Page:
Page 136 - Jewish Book Annual Volume 18

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e w i s h
o o k
n n u a l
1 2 4
birth. In 1891 he published
Havesh Peir,
a booklet stressing the
proper placing of
on the forehead. In this work he inter-
M i tzvo t Maasiyot
as a bond between man and God. He
believed in the spiritual efficacy of all
M i tzvo t,
for holiness flows
through the
M itzvah
into man.
In 1890 he went to Boisk to deliver the eulogy for Rav
Mordecai Eliesberg, the distinguished leader of
H oveve i T ziyon ,
and in 1895 he was called to become its rabbi. While in Boisk,
he began a commentary on
Ein Yaakov
and worked
on it in Jaffa and Jerusalem during his later periods. This com-
mentary is still in manuscript form.
Although he was not active in the birth and growth of early
political Zionism, he wrote
T euda t Yisrael U-leumiyuto
in 1901,
and published it in
a monthly edited by E. A. Rabino-
witz. This monograph became the ideological foundation for
M izrahi,
which was established the following year in Lida.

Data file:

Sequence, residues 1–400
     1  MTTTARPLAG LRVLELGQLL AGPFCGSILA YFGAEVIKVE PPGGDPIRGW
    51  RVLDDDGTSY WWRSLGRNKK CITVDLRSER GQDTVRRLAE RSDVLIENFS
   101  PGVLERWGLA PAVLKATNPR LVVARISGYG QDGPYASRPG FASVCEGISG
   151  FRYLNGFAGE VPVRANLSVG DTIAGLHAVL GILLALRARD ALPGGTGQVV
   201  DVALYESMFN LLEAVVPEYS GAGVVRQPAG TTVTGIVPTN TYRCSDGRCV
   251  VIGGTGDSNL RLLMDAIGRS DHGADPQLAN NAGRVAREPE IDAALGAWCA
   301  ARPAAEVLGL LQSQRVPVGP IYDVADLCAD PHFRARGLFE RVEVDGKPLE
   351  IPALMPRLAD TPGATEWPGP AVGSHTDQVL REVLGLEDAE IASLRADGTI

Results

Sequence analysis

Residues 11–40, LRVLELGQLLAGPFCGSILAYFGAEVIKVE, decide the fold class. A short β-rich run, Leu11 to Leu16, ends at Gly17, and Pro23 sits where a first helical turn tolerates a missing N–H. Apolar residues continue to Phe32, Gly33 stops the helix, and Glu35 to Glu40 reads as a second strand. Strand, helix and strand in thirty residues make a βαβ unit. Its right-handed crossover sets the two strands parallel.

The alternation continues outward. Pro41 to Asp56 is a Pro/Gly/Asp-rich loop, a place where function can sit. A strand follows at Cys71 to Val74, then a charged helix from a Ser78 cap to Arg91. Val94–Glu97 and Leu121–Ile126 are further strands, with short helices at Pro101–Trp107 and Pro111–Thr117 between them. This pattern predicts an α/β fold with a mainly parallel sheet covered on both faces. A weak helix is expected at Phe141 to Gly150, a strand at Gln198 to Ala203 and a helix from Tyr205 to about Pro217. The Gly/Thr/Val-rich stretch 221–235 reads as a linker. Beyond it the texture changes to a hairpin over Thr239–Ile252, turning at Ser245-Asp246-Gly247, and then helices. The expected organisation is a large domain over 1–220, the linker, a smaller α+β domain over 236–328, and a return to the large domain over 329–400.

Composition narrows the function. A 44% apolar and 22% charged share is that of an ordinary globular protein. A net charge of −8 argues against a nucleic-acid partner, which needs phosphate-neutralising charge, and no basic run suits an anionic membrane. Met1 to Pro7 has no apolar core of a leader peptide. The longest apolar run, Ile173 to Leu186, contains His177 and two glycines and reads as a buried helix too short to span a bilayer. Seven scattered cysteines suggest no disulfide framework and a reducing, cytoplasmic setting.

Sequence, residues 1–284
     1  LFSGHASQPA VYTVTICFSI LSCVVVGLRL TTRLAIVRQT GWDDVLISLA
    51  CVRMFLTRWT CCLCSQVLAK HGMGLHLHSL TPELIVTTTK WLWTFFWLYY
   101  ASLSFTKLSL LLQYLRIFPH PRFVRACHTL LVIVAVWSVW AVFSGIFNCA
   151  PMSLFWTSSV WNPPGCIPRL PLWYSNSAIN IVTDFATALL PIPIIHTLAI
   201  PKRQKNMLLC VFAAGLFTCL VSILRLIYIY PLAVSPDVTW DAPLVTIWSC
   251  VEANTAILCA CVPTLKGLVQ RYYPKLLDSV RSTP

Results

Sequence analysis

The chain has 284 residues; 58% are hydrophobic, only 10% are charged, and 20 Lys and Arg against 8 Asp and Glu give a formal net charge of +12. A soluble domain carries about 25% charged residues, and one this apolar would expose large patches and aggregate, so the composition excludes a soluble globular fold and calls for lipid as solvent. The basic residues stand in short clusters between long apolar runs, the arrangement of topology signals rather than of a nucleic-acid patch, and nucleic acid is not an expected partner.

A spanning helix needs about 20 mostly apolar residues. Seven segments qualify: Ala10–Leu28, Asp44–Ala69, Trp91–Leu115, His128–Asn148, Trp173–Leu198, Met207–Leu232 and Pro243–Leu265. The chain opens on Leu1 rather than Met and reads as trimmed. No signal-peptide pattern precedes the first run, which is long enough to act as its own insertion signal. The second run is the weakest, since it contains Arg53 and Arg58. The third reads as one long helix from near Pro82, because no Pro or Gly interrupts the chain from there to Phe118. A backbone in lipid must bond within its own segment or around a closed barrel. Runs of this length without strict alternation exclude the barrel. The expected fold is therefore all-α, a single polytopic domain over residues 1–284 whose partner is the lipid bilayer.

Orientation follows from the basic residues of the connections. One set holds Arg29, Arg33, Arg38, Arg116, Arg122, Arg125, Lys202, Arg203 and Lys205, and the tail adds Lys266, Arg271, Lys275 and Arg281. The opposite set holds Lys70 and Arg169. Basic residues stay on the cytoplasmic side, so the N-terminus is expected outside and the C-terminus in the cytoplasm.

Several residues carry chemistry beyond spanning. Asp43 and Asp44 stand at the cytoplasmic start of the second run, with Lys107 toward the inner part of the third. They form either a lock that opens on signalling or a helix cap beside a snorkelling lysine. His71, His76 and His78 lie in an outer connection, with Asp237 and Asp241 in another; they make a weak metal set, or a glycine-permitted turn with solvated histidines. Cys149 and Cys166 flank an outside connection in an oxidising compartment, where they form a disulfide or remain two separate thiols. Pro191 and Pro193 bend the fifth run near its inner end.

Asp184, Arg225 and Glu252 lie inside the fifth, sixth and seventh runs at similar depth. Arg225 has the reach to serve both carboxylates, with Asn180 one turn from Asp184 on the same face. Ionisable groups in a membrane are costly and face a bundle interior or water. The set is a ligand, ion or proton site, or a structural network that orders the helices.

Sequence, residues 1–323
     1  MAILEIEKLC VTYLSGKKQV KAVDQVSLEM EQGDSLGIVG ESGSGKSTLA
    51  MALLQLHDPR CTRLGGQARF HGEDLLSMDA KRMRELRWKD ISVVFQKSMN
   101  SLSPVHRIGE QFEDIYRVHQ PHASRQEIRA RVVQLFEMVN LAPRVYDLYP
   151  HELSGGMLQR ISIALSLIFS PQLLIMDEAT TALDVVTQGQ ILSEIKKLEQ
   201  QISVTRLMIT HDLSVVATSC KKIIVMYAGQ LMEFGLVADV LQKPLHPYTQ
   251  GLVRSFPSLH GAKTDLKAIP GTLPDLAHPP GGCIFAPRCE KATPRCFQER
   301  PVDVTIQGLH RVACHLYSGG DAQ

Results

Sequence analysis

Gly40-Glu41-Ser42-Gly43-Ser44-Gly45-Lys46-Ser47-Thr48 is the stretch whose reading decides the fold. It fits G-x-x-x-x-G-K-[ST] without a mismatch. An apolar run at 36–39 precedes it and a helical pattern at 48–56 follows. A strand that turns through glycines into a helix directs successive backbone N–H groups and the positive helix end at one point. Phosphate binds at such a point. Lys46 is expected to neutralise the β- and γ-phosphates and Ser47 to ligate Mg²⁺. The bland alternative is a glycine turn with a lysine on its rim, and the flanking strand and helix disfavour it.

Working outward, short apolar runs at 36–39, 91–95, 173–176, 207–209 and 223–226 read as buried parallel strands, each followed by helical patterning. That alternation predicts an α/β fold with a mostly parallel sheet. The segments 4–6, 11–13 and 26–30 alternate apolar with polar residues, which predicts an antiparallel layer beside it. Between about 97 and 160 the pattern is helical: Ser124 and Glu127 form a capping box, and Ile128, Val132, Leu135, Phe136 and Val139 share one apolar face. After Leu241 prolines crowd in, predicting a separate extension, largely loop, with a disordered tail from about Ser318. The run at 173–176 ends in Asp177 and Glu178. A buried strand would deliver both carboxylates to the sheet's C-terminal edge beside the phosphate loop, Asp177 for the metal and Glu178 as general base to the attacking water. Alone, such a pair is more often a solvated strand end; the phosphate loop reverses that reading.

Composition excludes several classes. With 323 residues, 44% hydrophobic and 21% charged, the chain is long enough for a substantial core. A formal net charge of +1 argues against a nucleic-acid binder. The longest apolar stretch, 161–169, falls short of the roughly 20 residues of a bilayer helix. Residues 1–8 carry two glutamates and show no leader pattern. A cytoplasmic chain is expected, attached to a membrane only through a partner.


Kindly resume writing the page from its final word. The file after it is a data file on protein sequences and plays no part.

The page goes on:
He was profoundly disturbed by the impact of modernity upon
the religious-intellectual position, and particularly by the growth
of the negative, assimilationist tendencies of the early
At this period (1902) he wrote
Moreh N ’vuh im Hadash
(also still
in manuscript form), which endeavors to harmonize and unite
the contrasting tendencies of science and religion in the Jewish
During the next two years (1903 and 1904) he
was still concerned, as his articles in
demonstrate, with
this question of religion and science.
Jaffa Period
— 1904 to 1914
Rav Kook’s literary output in this period reflected an Israel-
centered interest. In
M ik tav Galui,
published in 1905, he admon-
ished the youth of the Yishuv not to turn their backs on their
religious heritage. In another letter that year, he urged the
students to learn to write in modern Hebrew and
communicate with their fellow-Jews, thus relating Torah to
Hayim .
A der Ha-Yakar,
a biography of his father-in-law
A dere t
(Eliyahu David Rabinowitz Teumim), published in 1906, he
P ilpu l
as a form of
belle lettres
because it is unrelated
to life. He requested that irreligious youth be not rebuffed; it is
preferable to let them be nationalistic, for such a return to
Jewishness is the first step in their return to Judaism. As the
will change, they too will change.
Ikvai Tzon ,
he again addressed himself to youth. He had
faith in their idealism and integrity, and urged them to prepare
themselves for holiness. In this pamphlet he emphasized the need
for the Jewish people and its youth to renew their potentiality
for prophecy—
Lehadesh Koah Ha-Nevuah.
He accepted the posi­